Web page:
But Wilson actually built one! And FUSED ATOMS! From the first page of my Google search, amazingly, other people have done exactly that. Or decided not to run it at such a high voltage, just enjoying the light show. And it looks like there is a group of people who talk together about their fusors on the internet. The Nuclear Reactor High-School Project? And a couple more articles (one, two) on how to build a fusor. The directions are sketchy, the most complete being here, but Wilson’s mentors presumably were able to help him fill out the details.

An ambitious science fair project, but no indication that Wilson did more than that. Much of Carroll’s article takes place in the garage, making use of the “I invented it in my garage” origin tale so beloved of Silicon Valley. Toward the end of the article, Carroll tells us that in fact Wilson built his fusor in a university laboratory, under the supervision of faculty. But Carroll finds the exaggeration charming rather than an indicator that Wilson is inclined to embellish his life story.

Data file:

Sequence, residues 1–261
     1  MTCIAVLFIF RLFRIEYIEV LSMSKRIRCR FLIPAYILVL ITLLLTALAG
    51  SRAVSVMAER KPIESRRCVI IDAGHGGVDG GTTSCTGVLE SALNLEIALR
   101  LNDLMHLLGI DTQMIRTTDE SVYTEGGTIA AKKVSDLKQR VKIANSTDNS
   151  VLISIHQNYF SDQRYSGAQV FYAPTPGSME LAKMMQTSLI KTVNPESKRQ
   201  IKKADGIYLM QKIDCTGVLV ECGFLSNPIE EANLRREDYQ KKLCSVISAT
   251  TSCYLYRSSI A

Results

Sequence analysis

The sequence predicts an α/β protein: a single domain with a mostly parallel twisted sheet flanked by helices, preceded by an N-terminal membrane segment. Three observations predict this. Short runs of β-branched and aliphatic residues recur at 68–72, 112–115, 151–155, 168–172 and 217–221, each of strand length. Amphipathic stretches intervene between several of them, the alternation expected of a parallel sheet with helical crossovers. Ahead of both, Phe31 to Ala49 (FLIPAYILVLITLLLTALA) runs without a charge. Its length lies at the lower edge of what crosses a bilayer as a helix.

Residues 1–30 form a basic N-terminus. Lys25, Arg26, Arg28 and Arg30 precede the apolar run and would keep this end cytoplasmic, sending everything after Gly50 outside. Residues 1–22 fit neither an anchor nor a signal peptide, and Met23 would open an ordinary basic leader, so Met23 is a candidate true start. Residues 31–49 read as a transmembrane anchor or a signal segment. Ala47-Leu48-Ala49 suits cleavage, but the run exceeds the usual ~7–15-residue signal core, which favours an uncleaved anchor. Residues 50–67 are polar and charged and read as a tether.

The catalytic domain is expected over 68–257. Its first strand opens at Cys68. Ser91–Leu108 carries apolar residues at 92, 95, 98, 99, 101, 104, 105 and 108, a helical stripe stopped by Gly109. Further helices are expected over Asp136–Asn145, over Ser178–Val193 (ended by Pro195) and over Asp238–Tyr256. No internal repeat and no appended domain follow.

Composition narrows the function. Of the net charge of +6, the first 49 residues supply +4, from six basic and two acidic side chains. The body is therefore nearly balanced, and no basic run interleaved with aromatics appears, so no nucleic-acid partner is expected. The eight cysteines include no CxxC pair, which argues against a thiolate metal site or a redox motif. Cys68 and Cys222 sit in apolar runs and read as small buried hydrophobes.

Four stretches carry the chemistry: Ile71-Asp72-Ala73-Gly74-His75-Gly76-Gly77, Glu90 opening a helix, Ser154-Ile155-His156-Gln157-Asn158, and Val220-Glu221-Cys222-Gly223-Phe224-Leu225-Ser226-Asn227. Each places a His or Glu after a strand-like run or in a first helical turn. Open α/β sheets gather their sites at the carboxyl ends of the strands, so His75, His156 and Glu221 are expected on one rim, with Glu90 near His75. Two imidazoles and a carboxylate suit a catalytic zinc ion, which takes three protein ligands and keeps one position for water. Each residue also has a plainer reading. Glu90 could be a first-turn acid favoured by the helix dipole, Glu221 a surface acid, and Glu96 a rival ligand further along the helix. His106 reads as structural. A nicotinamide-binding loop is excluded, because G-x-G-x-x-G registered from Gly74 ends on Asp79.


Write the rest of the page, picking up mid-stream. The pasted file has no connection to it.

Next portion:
A science fair win for a device to detect nuclear materials in shipping containers. Wilson’s own site offers little information, and what may have been a photo or schematic of the detector is missing. A brightish student could have written the piece by relying on easy-to-read sources, and most of it is introductory material rather than a description of his project. The Wikipedia page about him has not much more. That page reports that Wilson has given up this project to go on to others, a pattern in his activities.

His plan for small nuclear reactors, as given in his TED talk, is equally thin on content and unoriginal. “Small, self-contained underground nuclear fission reactors that use decommissioned nuclear weapons to fuel power”? NuScale and other companies have been working on small fission reactors that could be placed underground. Not clear what Wilson means by self-contained. And commercial nuclear reactors across the United States have been using uranium from Soviet nuclear weapons for more than a decade now.